Concorde, the world’s only successful Supersonic airliner, was a remarkable achievement for the Anglo-French aviation industry. Able to cruise at twice the speed of sound and at up to 60,000 ft., here was an aircraft really pushing the limits of 60s technology. However, as with any great achievement, there was a great deal of preparation and testing well before the first Concorde took to the skies.
For the purposes of this blog post, I will be ignoring the Concorde prototypes. Important though these aircraft were, their history is well documented and all are popular exhibits at their respective aviation museums. In other words, they don’t really count as unsung.
In addition, since I don’t know a great deal about them, I shall be ignoring French test aircraft for the most part. If you do have some information from that side of the channel, please do let me know.
Without further ado, let us get underway. We shall start with an aircraft that arguably failed. The Bristol 188 was an aircraft built for speed, out of advanced steels developed specifically for the purpose (You can see pictures of it here) Low drag was essential, and so the fuselage was very thin, barely wide enough for a pilot, and considerably thinner than the engines, which were fitted with a reheat. This would spray fuel into the hot engine exhaust, igniting it and producing more thrust, a feature Concorde also had.
Bristol’s design was actually developed as part of the operational requirement, mentioned in a previous post, for a Mach 3 bomber, but it would influence the materials choice for Concorde. Since the steel alloys developed were not proven, aluminum alloys were selected instead. The steel alloys were unproven because the aircraft was something of a flop.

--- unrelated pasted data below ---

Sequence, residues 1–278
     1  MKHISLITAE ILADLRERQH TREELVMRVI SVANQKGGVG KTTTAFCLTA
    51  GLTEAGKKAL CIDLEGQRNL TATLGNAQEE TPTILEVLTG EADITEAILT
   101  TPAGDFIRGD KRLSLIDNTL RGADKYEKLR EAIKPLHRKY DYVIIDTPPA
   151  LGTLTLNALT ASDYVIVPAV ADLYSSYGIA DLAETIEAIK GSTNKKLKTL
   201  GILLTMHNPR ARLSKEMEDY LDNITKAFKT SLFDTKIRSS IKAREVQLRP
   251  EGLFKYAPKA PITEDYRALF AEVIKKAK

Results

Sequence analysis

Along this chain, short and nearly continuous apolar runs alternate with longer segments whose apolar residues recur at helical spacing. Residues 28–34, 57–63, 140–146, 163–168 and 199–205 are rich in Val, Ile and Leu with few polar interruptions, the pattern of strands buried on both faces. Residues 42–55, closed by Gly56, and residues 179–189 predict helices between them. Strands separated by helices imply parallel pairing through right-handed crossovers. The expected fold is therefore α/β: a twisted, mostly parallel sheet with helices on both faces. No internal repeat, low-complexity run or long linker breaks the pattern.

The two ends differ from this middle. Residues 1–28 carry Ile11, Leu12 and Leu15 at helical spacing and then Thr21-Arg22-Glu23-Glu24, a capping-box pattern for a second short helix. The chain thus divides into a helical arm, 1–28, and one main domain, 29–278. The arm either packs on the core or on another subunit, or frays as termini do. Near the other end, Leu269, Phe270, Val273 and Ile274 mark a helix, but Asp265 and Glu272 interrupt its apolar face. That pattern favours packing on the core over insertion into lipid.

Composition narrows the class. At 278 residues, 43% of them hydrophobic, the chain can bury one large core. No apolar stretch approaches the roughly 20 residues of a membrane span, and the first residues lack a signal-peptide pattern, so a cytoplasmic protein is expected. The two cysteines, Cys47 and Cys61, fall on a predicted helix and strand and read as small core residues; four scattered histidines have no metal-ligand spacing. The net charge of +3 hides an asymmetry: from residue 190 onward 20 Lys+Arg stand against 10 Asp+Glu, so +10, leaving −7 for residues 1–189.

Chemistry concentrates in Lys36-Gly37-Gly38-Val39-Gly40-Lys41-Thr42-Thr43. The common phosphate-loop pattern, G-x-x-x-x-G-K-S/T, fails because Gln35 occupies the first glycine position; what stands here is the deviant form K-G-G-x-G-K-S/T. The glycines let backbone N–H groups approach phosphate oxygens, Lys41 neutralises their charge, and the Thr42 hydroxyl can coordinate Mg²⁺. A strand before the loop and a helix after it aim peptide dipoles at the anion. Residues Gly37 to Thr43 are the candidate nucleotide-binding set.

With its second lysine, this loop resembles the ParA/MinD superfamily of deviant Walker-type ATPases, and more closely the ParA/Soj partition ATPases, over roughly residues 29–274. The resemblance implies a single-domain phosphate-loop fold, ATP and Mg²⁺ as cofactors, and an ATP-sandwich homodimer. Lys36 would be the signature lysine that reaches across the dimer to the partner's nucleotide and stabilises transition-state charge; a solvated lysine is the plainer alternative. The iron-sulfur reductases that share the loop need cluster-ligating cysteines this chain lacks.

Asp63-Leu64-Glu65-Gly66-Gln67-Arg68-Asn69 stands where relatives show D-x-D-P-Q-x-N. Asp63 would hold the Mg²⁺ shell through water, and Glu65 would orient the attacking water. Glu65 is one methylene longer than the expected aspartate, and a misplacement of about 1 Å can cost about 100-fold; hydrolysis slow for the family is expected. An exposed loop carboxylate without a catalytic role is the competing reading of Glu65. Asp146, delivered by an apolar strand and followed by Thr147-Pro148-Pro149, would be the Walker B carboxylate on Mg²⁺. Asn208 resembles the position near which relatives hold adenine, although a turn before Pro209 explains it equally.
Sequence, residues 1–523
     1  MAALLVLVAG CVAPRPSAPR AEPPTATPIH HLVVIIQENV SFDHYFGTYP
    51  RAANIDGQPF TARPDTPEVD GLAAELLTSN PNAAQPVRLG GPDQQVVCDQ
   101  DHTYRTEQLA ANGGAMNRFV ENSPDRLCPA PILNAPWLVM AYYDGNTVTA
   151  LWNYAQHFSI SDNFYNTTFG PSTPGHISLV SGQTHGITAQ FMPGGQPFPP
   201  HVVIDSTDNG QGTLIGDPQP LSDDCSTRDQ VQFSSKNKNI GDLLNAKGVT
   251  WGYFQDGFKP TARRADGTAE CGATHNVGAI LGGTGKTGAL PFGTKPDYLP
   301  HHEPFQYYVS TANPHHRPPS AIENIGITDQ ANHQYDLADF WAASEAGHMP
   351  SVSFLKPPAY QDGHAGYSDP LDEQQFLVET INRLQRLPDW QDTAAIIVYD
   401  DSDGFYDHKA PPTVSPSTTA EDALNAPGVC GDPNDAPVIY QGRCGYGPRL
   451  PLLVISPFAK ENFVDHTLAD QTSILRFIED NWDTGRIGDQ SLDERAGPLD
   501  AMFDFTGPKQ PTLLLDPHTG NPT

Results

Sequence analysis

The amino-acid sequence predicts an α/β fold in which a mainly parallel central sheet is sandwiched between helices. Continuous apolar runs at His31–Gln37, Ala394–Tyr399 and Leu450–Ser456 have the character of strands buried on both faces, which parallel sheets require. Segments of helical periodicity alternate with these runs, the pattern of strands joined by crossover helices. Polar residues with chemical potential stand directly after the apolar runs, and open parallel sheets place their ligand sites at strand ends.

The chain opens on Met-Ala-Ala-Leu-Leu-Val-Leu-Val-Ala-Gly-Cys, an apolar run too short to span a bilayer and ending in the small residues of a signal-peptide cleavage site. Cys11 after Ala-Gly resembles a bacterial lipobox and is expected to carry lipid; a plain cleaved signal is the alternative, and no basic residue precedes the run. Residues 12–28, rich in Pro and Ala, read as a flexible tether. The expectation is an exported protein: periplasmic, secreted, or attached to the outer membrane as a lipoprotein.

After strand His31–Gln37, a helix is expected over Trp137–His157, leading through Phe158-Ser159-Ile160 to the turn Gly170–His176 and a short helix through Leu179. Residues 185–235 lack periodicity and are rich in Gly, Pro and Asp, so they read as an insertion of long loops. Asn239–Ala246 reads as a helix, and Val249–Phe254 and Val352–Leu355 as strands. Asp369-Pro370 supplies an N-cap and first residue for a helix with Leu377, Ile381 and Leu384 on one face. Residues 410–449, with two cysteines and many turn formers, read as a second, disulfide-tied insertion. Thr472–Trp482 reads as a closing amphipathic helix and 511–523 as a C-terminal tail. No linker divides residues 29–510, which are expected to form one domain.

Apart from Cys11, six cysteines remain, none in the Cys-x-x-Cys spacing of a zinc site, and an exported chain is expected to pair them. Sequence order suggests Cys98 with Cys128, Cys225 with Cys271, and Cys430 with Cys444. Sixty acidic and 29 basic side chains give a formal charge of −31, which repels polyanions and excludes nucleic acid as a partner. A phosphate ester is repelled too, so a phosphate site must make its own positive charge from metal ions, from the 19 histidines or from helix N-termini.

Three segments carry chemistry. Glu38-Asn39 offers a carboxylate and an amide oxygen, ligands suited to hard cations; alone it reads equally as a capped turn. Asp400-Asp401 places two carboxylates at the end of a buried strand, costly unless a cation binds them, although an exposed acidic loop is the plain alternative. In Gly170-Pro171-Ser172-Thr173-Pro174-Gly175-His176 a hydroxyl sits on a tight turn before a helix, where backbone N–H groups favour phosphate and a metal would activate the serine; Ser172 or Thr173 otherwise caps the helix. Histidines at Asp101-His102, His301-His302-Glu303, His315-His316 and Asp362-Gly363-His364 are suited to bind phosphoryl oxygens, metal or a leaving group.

The narrow fuselage and high fuel consumption combined to give it a perilously short range. It never had enough fuel to accelerate to its proposed maximum speed of Mach 2, and spent so little time at supersonic speeds that little useful data was collected. No Bristol 188 flight even made it to an hour in duration, and so the last aircraft, XF 926, was retired in 1964.
One standout feature of Concorde was the delta wing, a sort of triangular shaped aerofoil. This allowed for both low drag at high speeds and high lift at slower speeds, essential for an aircraft of this type. Delta wings were nothing new by the 1960s – the Avro Vulcan, first flown in 1952, featured them, and had been operational with the RAF for years.
Concorde’s delta wing though is what’s called an ogival delta, which means that the wing is not a straight triangle, and instead the leading edge follows a complicated curve, enhancing the lower speed lift of the wing. This had to be tested of course, and so, rather than going to the expense of building an entirely new aircraft, an already fast aircraft was selected to be modified.